1800 7,614 +19.3%
1810 10,070 +32.3%
1820 11,767 +16.9%
1830 16,833 +43.1%
1840 23,171 +37.7%
1850 41,513 +79.2%
1860 50,666 +22.0%
1870 68,904 +36.0%
1880 104,857 +52.2%
1890 132,146 +26.0%
1900 175,597 +32.9%
1910 224,326 +27.8%
1920 237,595 +5.9%
1930 252,981 +6.5%
1940 253,504 +0.2%
1950 248,674 −1.9%
1960 207,498 −16.6%
1970 179,213 −13.6%
1980 156,804 −12.5%
1990 160,728 +2.5%
2000 173,618 +8.0%
2010 178,042 +2.5%
2020 190,934 +7.2%
Source: Largest Cities and Other Urban Places in the United States 1790 to 1990
2019 Estimate
1708 to 1782
Demographic profile 2020 2010 1990 1970 1950
White 53.1% 49.8% 69.9% 90.0% 96.5%
 —Non-Hispanic 33.8% 37.6% 64.5% 89.5% N/A
Black or African American 16.1% 16.0% 14.8% 8.9% 3.3%
Hispanic or Latino (of any race) 43.5% 38.1% 15.5% 0.8% N/A
Asian 5.6% 6.4% 5.9% 0.5% 0.1%

As of the 2000 United States census, Providence's population consisted of 173,618 people, 162,389 households, and 35,859 families. The population density was 9,401.7 inhabitants per square mile (3,629.4/km2), characteristic of other small cities in New England such as New Haven, Connecticut; Springfield, Massachusetts; and Hartford, Connecticut. The city's population peaked in the 1940s, just prior to the nationwide period of rapid suburbanization.

Providence has a racially and ethnically diverse population. In 2020, white Americans formed 53.1% of the population, including a sizable white Hispanic community. Non-Hispanic whites were 33.8% of the total population, down from 89.5% in 1970. Providence has had a substantial Italian American population since the start of the 20th century, with 14% of the population claiming Italian ancestry. Italian influence manifests itself in Providence's 'Little Italy' in Federal Hill. Irish immigrants have also had considerable influence on the city's history, with 8% of residents claiming Irish heritage. The percentages of people claiming Irish and Italian ancestry, though high, has gone down considerably from historical highs, and is much lower than the percentages of these groups in Rhode Island as a whole. The city also has a sizable Jewish community, estimated at 10,500 in 2012, or roughly 5% of the city's population.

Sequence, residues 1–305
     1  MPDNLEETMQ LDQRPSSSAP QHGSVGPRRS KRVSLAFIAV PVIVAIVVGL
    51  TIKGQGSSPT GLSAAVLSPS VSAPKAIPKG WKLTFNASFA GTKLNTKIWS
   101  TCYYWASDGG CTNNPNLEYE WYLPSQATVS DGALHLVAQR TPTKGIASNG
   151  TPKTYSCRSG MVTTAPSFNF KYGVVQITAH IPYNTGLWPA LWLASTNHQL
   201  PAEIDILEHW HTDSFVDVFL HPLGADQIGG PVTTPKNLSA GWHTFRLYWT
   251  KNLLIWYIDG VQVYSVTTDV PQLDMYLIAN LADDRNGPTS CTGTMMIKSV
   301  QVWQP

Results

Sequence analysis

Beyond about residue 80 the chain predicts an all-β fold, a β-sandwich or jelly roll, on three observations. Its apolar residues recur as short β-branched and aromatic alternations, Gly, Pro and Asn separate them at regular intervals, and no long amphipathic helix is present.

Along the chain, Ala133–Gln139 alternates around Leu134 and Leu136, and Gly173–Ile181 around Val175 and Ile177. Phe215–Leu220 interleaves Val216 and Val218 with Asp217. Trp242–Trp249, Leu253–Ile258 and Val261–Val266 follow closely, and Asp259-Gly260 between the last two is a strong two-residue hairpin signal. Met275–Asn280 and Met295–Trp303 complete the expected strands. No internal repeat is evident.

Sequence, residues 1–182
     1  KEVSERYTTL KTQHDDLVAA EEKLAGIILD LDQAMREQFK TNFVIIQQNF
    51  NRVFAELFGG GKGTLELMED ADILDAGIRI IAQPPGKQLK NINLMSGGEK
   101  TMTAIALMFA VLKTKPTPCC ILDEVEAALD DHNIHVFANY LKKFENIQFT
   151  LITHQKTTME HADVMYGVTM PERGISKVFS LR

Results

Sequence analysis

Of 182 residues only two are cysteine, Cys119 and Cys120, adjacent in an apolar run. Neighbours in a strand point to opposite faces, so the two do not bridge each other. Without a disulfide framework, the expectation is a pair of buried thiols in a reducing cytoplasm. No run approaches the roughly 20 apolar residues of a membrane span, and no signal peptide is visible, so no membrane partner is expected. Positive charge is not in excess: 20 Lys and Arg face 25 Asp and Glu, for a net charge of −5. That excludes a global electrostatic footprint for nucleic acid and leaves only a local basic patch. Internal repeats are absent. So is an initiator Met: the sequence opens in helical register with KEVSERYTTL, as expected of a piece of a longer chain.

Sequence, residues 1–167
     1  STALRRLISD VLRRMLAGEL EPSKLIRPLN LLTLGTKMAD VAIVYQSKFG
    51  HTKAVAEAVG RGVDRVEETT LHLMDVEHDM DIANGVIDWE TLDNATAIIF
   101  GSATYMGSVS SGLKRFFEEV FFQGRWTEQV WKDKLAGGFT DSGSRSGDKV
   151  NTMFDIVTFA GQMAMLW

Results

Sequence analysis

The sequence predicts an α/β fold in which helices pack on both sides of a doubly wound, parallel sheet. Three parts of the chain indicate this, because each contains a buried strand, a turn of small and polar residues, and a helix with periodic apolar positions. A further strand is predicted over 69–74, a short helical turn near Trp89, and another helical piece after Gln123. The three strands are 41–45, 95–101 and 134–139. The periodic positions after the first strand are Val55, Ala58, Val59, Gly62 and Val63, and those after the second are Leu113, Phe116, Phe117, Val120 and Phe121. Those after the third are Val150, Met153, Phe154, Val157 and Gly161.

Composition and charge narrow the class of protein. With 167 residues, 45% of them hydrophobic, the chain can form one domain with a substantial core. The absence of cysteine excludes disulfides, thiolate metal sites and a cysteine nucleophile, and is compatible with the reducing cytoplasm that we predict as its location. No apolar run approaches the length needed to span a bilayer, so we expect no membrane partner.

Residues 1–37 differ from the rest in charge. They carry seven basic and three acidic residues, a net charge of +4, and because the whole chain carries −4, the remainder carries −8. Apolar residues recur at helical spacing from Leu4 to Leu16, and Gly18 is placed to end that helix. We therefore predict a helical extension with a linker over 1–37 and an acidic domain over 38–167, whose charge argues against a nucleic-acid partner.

Race and ethnicity 2010- Providence (5560421430)
Map of racial distribution in Providence, 2010 U.S. Census. Each dot is 25 people: White, Black, Asian, Hispanic or Other (yellow)

In 2020, people of Hispanic or Latino origin composed 43.5% of the city's population. They formed a majority of city public school students as of 2007. The majority of Hispanics in Providence are of Dominican descent. Constituting roughly half of the city's Hispanic population, Providence's Dominican community is one of the largest in the United States. Other Hispanic groups present in sizable numbers include Puerto Ricans, Guatemalans, and Colombians. Hispanics are widespread in significant numbers in most of Providence, but most concentrated in the neighborhoods of Elmwood, the West End, and Upper and Lower South Providence.

African Americans constitute 16.1% of the city's population, with their greatest concentrations found in Mount Hope and the Upper and Lower South Providence neighborhoods. Providence has small Liberian and Haitian communities in the city. Liberians compose 0.4% of the population; the city is home to one of the largest Liberian immigrant populations in the country. Asian-Americans constitute 5.6% of Providence's population. The largest Asian groups are Cambodians (1.7%), Chinese (1.1%), Indian Americans (0.7%), Laotians (0.6%), and Koreans (0.6%). Another 6% of the city has multiracial ancestry. American Indians and Pacific Islanders make up the remaining 0.9%.

Providence has a considerable community of immigrants from various Portuguese-speaking countries, especially Portugal, Brazil, and Cape Verde. These residents are concentrated in the Washington Park and Fox Point neighborhoods. Portuguese is the city's third-largest European ethnicity, after Italian and Irish. At 4% of the population; Cape Verdeans compose 2% of the city's population.

The Providence metropolitan area includes Providence, Fall River, Massachusetts, and Warwick, and is estimated to have a population of 1,622,520. In 2006, this area was officially added to the Boston Combined Statistical Area (CSA), the sixth-largest CSA in the country. In recent years, Providence has experienced a sizable growth in its under-18 population. The median age of the city was 28 years, while the largest age cohort is 20- to 24-year-olds, as of 2000.